My Facebook friends who live in the same neighborhood as I do will know the man I’ll be talking about. His name isn’t James but, of course, I can’t use his real name. He’s tall and very friendly with a booming voice when he calls out hello to everyone who passes by. He has a sweet nature and knows a lot about the Ravens and the Orioles. When he crosses the street to tell me about a player being traded for another or a bad call made by a referee, I have to be prepared to spend some time with him. He loves to talk and I think he might be lonely. He doesn’t work. He has disabilities, both physical and mental. I don’t believe I’m breaking any confidences here because you can tell right away by looking at him that he has plenty of issues on his plate.
The other day I was photographing this drawing. I put it on the ground in front of my house so I could use the sidewalk as a background. James called out, “Hey, what are you doing?” He came over to watch. He said, “Wow! Did you do that?” I said that I had. He looked at it for a moment and then said, “It looks like me.”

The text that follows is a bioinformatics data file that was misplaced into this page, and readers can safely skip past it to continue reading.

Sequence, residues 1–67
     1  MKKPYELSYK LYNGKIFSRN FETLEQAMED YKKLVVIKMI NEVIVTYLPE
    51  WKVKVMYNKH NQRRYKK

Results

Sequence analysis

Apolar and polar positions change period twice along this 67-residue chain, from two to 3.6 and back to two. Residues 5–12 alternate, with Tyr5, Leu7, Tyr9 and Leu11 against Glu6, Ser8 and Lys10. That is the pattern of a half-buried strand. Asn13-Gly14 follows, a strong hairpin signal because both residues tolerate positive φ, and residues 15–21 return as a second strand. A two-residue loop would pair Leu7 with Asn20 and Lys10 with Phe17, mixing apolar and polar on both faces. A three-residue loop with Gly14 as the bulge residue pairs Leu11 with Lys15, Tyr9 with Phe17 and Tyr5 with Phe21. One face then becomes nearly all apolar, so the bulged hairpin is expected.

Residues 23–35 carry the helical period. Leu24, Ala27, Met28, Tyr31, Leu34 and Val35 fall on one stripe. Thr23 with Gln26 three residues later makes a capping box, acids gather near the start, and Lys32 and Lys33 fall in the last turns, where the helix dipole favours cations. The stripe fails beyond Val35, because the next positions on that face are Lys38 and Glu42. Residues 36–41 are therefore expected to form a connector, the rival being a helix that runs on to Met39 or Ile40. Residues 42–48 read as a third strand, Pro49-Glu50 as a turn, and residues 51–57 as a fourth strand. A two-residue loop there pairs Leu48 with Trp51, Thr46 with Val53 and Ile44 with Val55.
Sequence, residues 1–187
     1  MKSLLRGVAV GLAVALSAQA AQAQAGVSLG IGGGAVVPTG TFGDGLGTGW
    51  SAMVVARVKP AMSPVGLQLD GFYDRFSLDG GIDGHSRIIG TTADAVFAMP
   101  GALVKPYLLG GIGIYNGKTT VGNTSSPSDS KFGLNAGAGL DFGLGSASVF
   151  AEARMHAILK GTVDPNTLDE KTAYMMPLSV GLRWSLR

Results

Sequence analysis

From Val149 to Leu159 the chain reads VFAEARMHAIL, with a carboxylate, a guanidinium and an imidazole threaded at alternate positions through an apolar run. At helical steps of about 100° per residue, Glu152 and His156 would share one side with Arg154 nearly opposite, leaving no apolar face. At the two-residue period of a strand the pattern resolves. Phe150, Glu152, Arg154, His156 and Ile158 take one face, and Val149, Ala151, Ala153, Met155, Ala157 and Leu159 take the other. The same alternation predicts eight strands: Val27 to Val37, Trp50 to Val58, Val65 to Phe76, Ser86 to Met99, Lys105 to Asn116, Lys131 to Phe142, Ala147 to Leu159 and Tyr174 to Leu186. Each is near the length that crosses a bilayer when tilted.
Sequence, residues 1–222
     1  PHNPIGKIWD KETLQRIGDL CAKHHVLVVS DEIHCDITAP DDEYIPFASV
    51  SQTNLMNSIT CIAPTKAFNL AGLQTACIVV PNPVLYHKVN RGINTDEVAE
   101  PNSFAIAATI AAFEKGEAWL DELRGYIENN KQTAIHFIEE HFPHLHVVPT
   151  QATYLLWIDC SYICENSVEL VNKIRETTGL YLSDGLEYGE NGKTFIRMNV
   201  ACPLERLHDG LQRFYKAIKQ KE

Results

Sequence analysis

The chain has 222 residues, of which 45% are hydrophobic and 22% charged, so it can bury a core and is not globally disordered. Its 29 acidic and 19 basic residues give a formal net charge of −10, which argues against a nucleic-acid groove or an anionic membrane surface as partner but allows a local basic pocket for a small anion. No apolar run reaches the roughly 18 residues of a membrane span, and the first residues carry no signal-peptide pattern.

I felt good about what James told me. I’m always searching for that nugget of connection in my work. It’s like panning for gold. You keep at it and, when someone clearly identifies with your piece, that’s EUREKA!
The drawing is part of the Pushover series, an extension of the work on bullying that I’ve been doing for two years. Instead of on legs, Pushovers sit precariously on rounded surfaces. Some might call this a disability. I’m not sure. Pushovers have the option of coming back up after being knocked around. I’ve heard their booming voices calling out hello to everyone who passes by.